Phoenix probably will set the temperature record for August 20. The heat is supposed to top out at 113. Since June 24, the daily high has topped 100, and it only missed by one degree on the two previous days. Since June 1, the metro area’s temps have fallen below 100 on just eight days, and only once below 95.
Americans spent a total of $27.28 billion on air conditioning in 2015, according to U.S. Energy Information Administration (EIA) data. On average, that worked out to $265 per U.S. household for the year. In the hot and dry climate of Arizona, air conditioning costs $319 a year, on average, second only to the hot and humid regions of the country where households spent a whopping $525 each to cool their homes.
The record-breaking temperatures in Phoenix are part of a package that has included record-high temperatures in each of the past five years. According to data from the National Oceanic and Atmospheric Administration (NOAA) and the National Aeronautics and Space Administration (NASA), 2019 is on a pace to become the third hottest year ever.
Phoenix daytime temperatures have set record highs far more often than they have record lows in each of the past five decades. The following chart from independent research group Climate Central tells the story.
The future looks even hotter for Phoenix. According to a report last week from the Union of Concerned Scientists, Phoenix’s historical average number of days from April through October with a heat index of 105 or more is 16 (the heat index is a non-standardized measure of the combination of heat and humidity). In a scenario where no action is taken to mitigate emissions that trap heat in the atmosphere, by late in the 21st century, Phoenix will experience 126 days with the heat index at 105 or higher. If action is taken now to hold the global temperature increase to 2°C (about 3.7°F), Phoenix will still see 57 days when the heat index exceeds 105.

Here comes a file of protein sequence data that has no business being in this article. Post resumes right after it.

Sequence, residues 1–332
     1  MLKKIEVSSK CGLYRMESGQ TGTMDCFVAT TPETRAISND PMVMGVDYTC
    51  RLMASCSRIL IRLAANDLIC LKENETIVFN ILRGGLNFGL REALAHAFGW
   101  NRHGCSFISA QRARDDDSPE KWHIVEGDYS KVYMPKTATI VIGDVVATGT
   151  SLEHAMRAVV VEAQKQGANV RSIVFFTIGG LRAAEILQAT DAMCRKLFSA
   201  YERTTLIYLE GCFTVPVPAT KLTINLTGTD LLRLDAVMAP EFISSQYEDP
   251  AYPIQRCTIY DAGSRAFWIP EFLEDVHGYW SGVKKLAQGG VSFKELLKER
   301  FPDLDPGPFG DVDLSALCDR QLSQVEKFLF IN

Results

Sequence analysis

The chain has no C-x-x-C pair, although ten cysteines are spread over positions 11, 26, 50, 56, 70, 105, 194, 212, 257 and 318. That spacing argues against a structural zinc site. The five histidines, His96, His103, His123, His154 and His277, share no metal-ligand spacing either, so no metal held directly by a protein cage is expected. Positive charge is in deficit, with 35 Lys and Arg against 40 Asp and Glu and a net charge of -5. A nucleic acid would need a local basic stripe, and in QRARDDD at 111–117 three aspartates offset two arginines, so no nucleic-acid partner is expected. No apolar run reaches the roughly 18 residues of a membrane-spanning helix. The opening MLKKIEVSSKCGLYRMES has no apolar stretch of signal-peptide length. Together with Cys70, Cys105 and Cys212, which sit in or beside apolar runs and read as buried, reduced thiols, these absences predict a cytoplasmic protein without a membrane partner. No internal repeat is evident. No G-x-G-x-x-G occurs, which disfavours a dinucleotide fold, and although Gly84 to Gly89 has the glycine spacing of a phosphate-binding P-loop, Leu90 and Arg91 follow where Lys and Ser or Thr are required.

Phoenix is not the only part of the country being affected by rising temperatures. These are the places where weather is getting worse because of climate change.
While Phoenix is perhaps an extreme example, virtually every U.S. city will feel the effects of rising temperatures. In results of a study published in February in Nature Communications, climate researchers Matthew C. Fitzpatrick and Robert R. Dunn estimate that by 2080, the climate in some 540 U.S. cities will be most like the current climate about 250 miles to the south of each city. Phoenix, for example, will feel most like Esperanza, Mexico, where current winter temperatures are 12.4°F warmer and humidity is 44.2% drier.
If you want to see what the climate will be like in your city in 2080, the interactive map application that accompanied Fitzpatrick’s and Dunn’s study shows what you are in for. Currently, these are the 50 hottest cities in America.